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Auto insurance
Should I buy extra insurance when renting a car?
woman driving rental car on highway

We’ve all been there, standing at the rental car counter wondering, “Do I really need to buy the Collision Damage Waiver (CDW) and Loss Damage Waiver (LDW) that the rental car agent offers?”

And the answer is ... well, maybe. It depends on your tolerance for risk, what’s at stake if you’re delayed in your travels because of an accident, and how you’ll be using the car.

When you sign a rental contract, the agreement is between you and the rental company. PEMCO isn’t a party to the agreement, meaning if something happens to the car, the rental company can demand payment from you on the spot without waiting for an insurance settlement. That can spell big trouble, for example, if you’ve been in a fender- bender on the way to the airport and need to catch a plane.


As long as you’re driving in the United States or Canada, PEMCO gives you the same protection on a rental car that you have on your own vehicle, provided:

  • You’re driving with the rental company’s permission. That may not be as obvious as it seems. If a spouse or child who is listed on your PEMCO policy also will be driving, make sure he or she signs up as a driver on the rental agreement and pays the additional driver fee. Otherwise, that driver doesn’t have the “permission” of the car’s owner. Traveling with a friend who might share the driving? Even if he or she has the rental company’s permission, your PEMCO policy can’t provide coverage to anyone not listed on your policy.
  • You’re not renting the car for lengthy periods or certain business use. Your PEMCO policy automatically extends coverage for short-term rental use, generally 28 days or less. Since yours is a personal auto policy, coverage for business use may be limited by the type of vehicle and its use.
  • Your policy includes the necessary coverages. In addition to the liability, underinsured motorist, and personal injury coverages you no doubt have, you’ll want to make sure your policy also includes comprehensive and collision coverages. Many drivers with older cars drop those coverages to save money, making purchase of a CDW and LDW from the car rental agency very important.


Rental car companies make money only when their cars are rentable. If the car you’ve rented gets damaged in an accident, the rental car company can require you to reimburse it for money lost while the car is at the repair shop.

Rental car companies also can charge you administrative fees for handling an insurance claim, including expenses like a 200-mile towing bill. Your PEMCO policy can’t cover those costs.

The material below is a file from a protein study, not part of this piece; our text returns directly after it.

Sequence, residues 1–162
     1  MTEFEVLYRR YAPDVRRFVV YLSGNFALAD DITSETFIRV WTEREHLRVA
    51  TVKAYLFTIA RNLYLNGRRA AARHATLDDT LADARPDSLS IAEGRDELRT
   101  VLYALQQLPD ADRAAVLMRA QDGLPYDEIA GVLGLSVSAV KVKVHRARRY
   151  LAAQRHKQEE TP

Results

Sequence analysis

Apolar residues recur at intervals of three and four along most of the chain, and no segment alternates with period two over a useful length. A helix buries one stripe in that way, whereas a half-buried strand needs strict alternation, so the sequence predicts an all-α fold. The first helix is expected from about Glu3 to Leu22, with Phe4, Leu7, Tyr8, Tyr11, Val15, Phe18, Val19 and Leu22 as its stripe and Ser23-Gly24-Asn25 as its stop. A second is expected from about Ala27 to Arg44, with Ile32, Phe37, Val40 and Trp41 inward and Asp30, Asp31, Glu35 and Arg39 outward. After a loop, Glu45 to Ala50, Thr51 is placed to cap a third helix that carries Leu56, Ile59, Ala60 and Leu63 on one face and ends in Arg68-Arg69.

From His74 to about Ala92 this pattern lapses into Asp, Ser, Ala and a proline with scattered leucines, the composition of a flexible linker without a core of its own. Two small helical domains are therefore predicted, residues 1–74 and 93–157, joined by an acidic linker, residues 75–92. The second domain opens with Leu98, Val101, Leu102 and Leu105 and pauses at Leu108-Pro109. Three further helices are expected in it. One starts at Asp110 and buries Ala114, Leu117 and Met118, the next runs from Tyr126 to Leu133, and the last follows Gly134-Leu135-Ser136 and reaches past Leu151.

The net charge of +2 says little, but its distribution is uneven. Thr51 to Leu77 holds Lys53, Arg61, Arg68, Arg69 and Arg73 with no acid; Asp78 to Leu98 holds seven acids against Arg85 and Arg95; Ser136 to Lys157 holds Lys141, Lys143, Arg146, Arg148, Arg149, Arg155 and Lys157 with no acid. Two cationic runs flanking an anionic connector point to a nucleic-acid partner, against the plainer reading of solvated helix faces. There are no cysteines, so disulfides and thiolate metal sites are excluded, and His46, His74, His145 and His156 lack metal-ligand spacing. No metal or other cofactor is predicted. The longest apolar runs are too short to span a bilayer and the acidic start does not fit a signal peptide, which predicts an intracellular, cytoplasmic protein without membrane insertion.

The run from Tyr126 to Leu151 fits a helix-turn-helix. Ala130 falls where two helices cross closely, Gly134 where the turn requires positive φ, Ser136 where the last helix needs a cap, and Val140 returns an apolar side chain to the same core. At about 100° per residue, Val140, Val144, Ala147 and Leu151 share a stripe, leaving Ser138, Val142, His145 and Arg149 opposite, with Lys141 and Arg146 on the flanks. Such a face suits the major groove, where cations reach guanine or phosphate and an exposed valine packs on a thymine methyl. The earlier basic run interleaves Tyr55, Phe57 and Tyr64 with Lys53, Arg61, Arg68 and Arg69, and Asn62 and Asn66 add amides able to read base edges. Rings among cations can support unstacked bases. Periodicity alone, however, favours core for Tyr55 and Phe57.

In a nutshell, the extra coverage you buy from rental car agencies fills in gaps that your own policy can’t cover. “CDW” takes care of damage to the car (critical if you don’t have collision or comprehensive coverage for your own car, if you have low limits, or you couldn’t “front” the money, usually via credit card, to the rental company until the insurance settlement for damage to the car comes through). “LDW” pays the rental car company for loss of use of the car while it’s being fixed.

Although the CDW may duplicate coverage you already have, you won’t have to file collision and comprehensive claims under your PEMCO policy if you get in an accident. That means there’s no PEMCO deductible to pay.

If you decide to buy the CDW and LDW, read the fine print. Like any insurance policy, they have restrictions. For example, the driver must be listed on the rental agreement (same as our “owner’s permission” requirement) and coverage will be void if you violate terms of the agreement such as driving off-road, driving while intoxicated, or driving in geographically restricted areas.


You might be surprised: Yes, your PEMCO Auto Policy’s liability coverage automatically extends to motorhomes rented and driven with the owner’s permission. Your homeowners policy would cover any personal property (bedding, pots and pans, etc.) that you take with you, subject to your deductible.

If you buy insurance from the rental agency, as with any agreement, you’ll want to read the motorhome rental paperwork carefully. Motorhome rental agencies offer CDWs and LDWs, just like rental car agencies.


Your PEMCO policy covers you only in the United States and Canada. The contract can’t protect you when you drive anywhere else.

Travel experts agree that driving outside of North America comes with some big caveats. Not only are traffic laws unfamiliar, but countries other than those in Western Europe (and Australia and New Zealand) may have very different views about what “insurance” means and the protection it offers you.

Our best advice: If you’re thinking about driving overseas, talk with a seasoned travel agent, a major U.S. rental car agency that maintains an office in the country you’re visiting, or the local U.S. Consulate in your destination country to ask about the risks and considerations of getting behind the wheel. You may decide you’re better off to leave the driving to someone else!


Many high-end (gold and platinum) cards do offer insurance when you use them to rent a car. Exactly what’s covered can vary from card to card, so you’ll want to check with the credit card company before you rely on the card for coverage. For example, some may not offer coverage when renting overseas. Many provide only secondary coverage to your own auto policy (requiring you to file a claim with your insurer before you can get any coverage from the card). And still others may offer collision coverage but not liability coverage. There also may be restrictions on coverage for sport utility vehicles, luxury cars, or vans.

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